The long term benefit of the SEGP for our stakeholders is a sustainable and scalable approach to creating context-specific, fit for purpose course-centric models of WIL. Faculty-wide multiplicity-WIL underpinned by a robust process of evaluation is underway. The longer term impacts for stakeholders is exactly what our evaluation is designed to do via these key research questions:
1. How well is WIL being implemented within each of the modes? (Processes)
2. To what extent is each WIL mode contributing to outcomes (expected and unexpected) for all stakeholders? (Outcomes)
3. What were the enablers/barriers and what could be improved for future growth of employability initiatives in SEBE? (learning)
4. What lessons derived from the evaluation pilot can and will inform (longitudinal) evaluation of WIL in SEBE?

How is the WIL activity integrated into curricula? Include how it incorporates the preparation, implementation, and reflection/debriefing phases of WIL.

Each course-centric WIL model has its own version of integration, and preparation, implementation and reflection stages depending on the 4 WIL principles at play (see SEGP): 1. placement-based WIL as core to course; 2. reflective practice, 3. scaffolded authentic assessments; and 4. career education.

In 2023, what will be common is READY1-2-3-GO (R123G), which capitalises on the discipline-specific exploration and expansions of WIL over the last 15 years. Best described as a gated superhighway, R123G is a curriculum intervention combining: 1) a curated suite of a minimum of three standardised employability learning checkpoints; 2) existing embedded WIL approaches to curricula in the course; and 3) Student-centred personalised learning indicator diagnostics, for course-centric monitoring, measuring and reporting on longitudinal impact of WIL within our undergraduate courses in our faculty. R123G aims to provide a rapid register for counting baseline WIL (mindful that for stakeholder-wide improvement, opportunities for additional and supplementary WIL curricula must remain for course-wide employability enhancement agility).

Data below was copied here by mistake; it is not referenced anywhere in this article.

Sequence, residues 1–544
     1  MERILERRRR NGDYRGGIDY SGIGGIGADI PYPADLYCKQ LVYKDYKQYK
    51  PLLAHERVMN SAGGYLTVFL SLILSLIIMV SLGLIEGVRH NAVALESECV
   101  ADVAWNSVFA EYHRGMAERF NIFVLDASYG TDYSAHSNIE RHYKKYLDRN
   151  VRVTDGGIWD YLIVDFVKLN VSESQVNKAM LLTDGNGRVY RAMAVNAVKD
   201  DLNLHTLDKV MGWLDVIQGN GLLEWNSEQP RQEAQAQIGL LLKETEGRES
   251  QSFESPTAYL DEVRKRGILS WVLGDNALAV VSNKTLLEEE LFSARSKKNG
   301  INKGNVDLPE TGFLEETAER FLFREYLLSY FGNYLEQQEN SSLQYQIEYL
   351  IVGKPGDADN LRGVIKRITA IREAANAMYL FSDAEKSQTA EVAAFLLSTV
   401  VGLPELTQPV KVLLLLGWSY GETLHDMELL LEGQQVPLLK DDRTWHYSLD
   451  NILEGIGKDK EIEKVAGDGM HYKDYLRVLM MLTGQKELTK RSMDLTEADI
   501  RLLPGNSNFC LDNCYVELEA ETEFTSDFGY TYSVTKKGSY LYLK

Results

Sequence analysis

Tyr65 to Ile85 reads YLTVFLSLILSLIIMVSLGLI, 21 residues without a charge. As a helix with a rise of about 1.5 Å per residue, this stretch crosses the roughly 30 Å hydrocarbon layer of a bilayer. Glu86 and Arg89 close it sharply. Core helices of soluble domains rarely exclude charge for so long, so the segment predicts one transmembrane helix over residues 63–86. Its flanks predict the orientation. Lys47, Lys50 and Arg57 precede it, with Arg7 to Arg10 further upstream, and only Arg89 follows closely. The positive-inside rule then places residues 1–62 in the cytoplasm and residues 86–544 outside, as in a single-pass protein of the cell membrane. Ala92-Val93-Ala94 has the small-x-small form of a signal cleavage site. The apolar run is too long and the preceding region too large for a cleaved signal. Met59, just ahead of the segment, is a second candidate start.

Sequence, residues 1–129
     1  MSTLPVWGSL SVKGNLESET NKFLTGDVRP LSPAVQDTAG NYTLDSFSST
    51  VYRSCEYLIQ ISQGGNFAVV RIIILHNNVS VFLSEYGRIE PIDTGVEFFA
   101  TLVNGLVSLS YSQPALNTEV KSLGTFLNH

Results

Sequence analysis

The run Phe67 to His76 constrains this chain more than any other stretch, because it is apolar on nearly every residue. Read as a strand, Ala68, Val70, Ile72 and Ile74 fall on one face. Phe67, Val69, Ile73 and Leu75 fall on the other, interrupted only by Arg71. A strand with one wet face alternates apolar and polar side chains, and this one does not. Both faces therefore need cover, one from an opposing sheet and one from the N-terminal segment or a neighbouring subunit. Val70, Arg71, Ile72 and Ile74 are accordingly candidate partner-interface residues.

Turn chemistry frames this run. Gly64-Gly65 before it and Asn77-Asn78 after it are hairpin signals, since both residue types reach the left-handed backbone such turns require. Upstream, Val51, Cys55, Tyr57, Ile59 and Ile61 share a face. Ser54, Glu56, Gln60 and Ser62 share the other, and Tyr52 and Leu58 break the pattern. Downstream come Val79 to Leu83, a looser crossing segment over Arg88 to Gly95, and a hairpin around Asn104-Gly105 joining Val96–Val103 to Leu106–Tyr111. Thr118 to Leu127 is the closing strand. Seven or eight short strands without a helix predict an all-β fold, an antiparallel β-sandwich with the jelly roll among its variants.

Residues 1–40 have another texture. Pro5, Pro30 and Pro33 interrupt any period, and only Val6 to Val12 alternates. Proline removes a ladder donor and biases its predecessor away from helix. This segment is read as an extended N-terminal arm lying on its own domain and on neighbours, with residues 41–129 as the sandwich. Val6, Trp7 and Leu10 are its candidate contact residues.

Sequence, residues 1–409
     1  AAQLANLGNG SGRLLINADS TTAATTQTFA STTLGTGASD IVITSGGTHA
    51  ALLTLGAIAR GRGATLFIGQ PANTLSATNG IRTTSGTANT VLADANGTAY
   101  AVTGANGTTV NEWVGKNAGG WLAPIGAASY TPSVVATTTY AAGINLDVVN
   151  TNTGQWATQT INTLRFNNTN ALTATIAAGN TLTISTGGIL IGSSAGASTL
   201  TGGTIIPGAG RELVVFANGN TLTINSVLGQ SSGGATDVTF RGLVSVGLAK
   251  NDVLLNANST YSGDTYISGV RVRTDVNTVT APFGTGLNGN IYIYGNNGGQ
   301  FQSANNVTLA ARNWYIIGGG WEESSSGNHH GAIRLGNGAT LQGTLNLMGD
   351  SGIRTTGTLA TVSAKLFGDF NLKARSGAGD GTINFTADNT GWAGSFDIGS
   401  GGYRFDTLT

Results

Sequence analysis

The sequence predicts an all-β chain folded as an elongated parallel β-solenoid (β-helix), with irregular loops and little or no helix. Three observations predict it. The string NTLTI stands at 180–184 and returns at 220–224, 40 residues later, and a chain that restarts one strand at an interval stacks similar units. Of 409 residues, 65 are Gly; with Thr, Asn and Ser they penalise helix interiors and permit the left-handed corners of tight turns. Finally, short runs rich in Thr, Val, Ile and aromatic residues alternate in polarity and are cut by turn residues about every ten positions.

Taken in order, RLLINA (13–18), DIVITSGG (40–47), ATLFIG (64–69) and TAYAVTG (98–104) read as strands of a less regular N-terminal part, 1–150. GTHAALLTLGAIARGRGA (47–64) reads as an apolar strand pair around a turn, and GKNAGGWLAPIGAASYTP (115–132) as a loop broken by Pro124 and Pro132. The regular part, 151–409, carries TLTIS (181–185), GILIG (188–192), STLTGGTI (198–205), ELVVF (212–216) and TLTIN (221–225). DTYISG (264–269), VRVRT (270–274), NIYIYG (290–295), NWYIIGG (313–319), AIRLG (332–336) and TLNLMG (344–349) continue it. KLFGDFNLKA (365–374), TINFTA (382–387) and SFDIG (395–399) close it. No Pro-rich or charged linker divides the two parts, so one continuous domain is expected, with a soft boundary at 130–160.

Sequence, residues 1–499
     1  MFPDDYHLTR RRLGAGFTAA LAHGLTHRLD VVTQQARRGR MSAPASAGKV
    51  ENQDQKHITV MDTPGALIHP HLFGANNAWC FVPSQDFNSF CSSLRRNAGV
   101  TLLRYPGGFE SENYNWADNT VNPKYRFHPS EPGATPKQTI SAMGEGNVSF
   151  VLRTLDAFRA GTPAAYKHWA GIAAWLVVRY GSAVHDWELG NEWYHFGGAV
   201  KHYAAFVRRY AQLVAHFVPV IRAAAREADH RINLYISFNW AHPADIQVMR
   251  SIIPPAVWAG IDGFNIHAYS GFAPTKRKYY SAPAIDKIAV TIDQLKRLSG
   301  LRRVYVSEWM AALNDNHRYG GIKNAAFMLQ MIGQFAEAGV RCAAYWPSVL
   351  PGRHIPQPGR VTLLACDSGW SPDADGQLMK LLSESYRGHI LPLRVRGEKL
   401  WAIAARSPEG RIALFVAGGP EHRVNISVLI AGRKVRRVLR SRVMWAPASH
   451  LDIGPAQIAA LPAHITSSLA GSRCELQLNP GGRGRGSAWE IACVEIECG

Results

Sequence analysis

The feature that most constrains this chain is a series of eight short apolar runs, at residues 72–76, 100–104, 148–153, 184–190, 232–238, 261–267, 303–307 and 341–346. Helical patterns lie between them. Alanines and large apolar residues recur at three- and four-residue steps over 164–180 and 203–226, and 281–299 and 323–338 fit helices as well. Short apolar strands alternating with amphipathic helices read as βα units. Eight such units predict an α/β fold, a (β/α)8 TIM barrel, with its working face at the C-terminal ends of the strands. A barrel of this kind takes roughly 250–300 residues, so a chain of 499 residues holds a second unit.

Describe how the case study is informed by relevant theoretical or empirical literature, research and/or scholarship. Include relevant references.

Since 2013, a series of participatory action-research projects (informed by Reason and Bradbury, 2008) in SEBE were geared to enhance existing and emerging (even absent) whole-of-course WIL practices. These action-research project aim to purposefully plan for, deliver and measure student employability learning and build the capacity of staff to become WIL champions (Young, Cardilini, Hermon & Binek, in press 2022). All action-research curriculum innovation projects (Young et al., 2017) have taken a scholarly approach (Boyer, 1990) to WIL innovations.

Underpinning this work are recent studies and government initiatives (Edwards, et al., 2015; Universities Australia, 2019) that have highlighted the need for improved employment outcomes for some STEM disciplines, to respond to the growing calls for graduates to lead innovation in the jobs and skills of the future.

What are the plans for the WIL activity in the future?